http://www.armoryblog.com/wp-content/uploads/2012/03/arsenal-double-barrel-1911.jpg
http://personaldfence.com/wp-content/uploads/2012/03/Double-Barrel-1911-1.jpg

fatcat4620
May 11, 2012, 12:02 PM
While they were fixing the frame did they fix the reliability issues?:evil:

jogar80
May 11, 2012, 12:09 PM
I'd get one, why not.

mesinge2
May 11, 2012, 12:38 PM
I'd get one, why not.
See!

+1 one to you and I hope you get it and post a range report.

Personally, I am terrified to see the pricetag on one. It has to be north of $5,000 (if you were talking about the arsenal double 1911 that is).

CWL
May 11, 2012, 01:53 PM
I'm not liking or dismissing it, but what is the point of this polymer framed M1911? It isn't a new idea. What kind of owner will this be targeted towards?

I already own one, a Wilson Combat KZ45, and I'm back to steel frames. Didn't see any real benefit in the polymer.

power5
May 11, 2012, 01:58 PM
Guess I don't see the joke. A grown-up's Glock; now that's a joke. Finally a Glock a man can shoot! A Glock for the 20th Century: Forward Thinking at Its Best. A Fisher Price Ten Best Award Winner...

There is no emoticon for point-counterpoint but I guess my dry humor isn't always well received. 8~€

Back to the question at hand, there's no reason it shouldn't work it's essentially a 2011 single-stack if that does it for you. For a weight saving 1911 platform it should be well received once it ships. At the announced MSRP however I suspect many will simply continue carrying what they have be it 1911 or poly whunder gun.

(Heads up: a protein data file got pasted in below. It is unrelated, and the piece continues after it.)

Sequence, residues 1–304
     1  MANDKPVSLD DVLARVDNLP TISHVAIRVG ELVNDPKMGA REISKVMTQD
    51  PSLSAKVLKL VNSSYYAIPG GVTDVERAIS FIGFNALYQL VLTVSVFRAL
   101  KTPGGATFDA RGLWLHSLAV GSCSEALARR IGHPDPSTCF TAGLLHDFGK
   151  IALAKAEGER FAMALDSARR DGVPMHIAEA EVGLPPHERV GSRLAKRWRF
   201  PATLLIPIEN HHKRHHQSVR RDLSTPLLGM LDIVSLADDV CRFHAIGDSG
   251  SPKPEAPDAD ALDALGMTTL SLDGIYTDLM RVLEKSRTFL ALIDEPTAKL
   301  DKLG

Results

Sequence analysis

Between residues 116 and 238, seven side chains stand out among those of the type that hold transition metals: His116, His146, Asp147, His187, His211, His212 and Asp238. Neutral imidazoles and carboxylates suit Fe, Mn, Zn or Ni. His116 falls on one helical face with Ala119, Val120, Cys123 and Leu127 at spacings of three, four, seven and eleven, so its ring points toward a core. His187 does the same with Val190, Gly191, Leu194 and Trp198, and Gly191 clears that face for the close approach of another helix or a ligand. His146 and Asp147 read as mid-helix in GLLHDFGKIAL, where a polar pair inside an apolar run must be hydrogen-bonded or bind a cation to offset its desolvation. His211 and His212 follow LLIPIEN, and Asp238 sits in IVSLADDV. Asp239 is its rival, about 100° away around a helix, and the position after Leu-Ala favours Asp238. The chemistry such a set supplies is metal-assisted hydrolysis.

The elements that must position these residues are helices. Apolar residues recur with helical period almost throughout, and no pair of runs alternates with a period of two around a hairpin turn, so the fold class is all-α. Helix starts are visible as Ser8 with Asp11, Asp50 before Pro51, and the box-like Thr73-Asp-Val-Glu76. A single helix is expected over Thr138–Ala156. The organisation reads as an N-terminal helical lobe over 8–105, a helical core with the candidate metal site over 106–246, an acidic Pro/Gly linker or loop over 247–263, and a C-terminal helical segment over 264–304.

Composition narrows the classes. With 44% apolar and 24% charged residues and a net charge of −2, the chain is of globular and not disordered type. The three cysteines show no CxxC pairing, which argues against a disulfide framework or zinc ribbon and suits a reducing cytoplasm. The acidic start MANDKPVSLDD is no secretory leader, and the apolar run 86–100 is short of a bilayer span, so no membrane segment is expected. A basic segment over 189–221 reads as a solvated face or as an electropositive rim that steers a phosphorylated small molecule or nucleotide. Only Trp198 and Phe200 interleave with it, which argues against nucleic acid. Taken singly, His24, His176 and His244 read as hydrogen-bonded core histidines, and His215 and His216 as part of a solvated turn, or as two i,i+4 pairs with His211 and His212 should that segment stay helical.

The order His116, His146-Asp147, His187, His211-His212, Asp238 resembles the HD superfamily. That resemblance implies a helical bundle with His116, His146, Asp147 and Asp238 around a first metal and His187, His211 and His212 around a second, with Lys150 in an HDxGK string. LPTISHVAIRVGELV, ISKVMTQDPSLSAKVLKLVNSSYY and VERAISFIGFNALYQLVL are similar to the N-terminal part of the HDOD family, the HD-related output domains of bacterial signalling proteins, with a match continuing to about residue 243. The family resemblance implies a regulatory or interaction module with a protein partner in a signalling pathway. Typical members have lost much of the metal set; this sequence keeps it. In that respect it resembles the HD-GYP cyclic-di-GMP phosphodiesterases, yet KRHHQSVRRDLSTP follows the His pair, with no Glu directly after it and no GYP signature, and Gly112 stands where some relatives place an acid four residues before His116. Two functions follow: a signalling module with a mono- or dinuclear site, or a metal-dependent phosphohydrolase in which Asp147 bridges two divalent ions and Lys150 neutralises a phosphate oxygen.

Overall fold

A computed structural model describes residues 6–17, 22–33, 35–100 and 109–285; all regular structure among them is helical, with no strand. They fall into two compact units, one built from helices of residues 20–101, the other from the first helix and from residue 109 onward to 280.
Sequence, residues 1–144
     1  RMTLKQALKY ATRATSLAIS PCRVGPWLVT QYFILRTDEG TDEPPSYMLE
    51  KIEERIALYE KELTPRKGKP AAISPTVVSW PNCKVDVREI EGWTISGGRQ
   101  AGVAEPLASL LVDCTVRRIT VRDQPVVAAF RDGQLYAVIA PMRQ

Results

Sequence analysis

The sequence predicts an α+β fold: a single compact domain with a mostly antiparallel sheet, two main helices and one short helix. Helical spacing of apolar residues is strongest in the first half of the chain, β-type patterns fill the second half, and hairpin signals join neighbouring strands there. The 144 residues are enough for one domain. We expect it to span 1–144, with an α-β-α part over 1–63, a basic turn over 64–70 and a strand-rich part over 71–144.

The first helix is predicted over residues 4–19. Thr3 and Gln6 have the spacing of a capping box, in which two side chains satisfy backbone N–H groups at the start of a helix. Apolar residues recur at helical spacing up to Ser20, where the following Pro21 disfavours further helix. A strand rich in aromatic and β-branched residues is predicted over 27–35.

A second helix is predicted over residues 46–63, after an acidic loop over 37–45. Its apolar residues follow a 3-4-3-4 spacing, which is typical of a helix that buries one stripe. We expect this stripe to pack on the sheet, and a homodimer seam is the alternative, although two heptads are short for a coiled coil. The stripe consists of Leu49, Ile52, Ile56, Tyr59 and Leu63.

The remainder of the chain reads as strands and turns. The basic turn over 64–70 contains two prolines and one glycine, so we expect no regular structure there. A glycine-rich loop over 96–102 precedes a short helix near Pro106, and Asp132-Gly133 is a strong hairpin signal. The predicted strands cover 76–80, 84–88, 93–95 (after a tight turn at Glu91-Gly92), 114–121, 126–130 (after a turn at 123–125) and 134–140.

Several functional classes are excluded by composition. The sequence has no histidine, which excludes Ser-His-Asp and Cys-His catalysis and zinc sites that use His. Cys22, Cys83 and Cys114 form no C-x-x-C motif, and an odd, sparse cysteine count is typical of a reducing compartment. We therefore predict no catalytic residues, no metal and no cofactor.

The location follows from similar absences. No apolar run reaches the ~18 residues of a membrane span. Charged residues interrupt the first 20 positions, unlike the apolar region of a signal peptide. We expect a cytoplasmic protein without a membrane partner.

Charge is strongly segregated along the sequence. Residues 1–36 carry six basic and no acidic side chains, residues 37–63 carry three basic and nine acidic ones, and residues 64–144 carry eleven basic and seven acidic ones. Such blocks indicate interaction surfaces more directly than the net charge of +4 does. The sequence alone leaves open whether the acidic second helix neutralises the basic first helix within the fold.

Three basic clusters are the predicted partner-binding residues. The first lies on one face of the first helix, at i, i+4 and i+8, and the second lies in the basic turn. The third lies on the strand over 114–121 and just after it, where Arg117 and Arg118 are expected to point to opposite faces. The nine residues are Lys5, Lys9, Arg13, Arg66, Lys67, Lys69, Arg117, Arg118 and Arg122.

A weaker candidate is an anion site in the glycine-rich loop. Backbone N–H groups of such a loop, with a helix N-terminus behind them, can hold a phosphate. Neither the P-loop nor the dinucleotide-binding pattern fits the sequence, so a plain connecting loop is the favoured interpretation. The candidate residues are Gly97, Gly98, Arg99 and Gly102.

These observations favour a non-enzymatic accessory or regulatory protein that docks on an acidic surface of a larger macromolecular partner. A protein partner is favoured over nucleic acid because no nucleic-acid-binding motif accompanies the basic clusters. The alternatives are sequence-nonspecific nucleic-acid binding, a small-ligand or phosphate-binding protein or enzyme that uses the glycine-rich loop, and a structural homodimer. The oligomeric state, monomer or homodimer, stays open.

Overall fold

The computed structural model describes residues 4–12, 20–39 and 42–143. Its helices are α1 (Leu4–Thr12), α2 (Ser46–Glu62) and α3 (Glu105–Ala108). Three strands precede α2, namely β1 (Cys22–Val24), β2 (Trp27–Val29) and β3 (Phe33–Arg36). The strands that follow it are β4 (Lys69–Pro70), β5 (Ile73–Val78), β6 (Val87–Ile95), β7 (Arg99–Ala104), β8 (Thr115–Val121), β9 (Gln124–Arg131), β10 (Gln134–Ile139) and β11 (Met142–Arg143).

The joke is that a poly framed 1911 is the same crazy idea as a steel framed glock. Not sure how hard that was to understand.

I doubt it will sell well at $800+. If they can sell it for the price of the firestorm 1911s or one of the other clones it might sell. $800 is cheap kimber territory.

wow6599
May 11, 2012, 02:04 PM
Sell them for $475 - $500 and they may have something. At $800 dollars I would buy a Series 70 Colt that only weighs 5 oz. more.

Shipwreck
May 11, 2012, 03:03 PM
Well, its the first polymer style 1911 that appears to use regular 1911 grips. Those plastic STI doublestacks don't do that, and neither does the Kimber ones previous sold and made by BUL

JTQ
May 11, 2012, 03:07 PM
I like 1911's. I think it is a good idea. I also think the STI 2011's are a good idea. It's another option for fans. Sure there are a lot of traditionalists in the 1911 community. However, they sell a bunch of 1911's with beavertail grip safeties, firing pin safeties, high visibility sights, aluminum frames, external extractors, etc. RRA had an excellent reputation when they were making 1911's. I think they'll sell a bunch of them.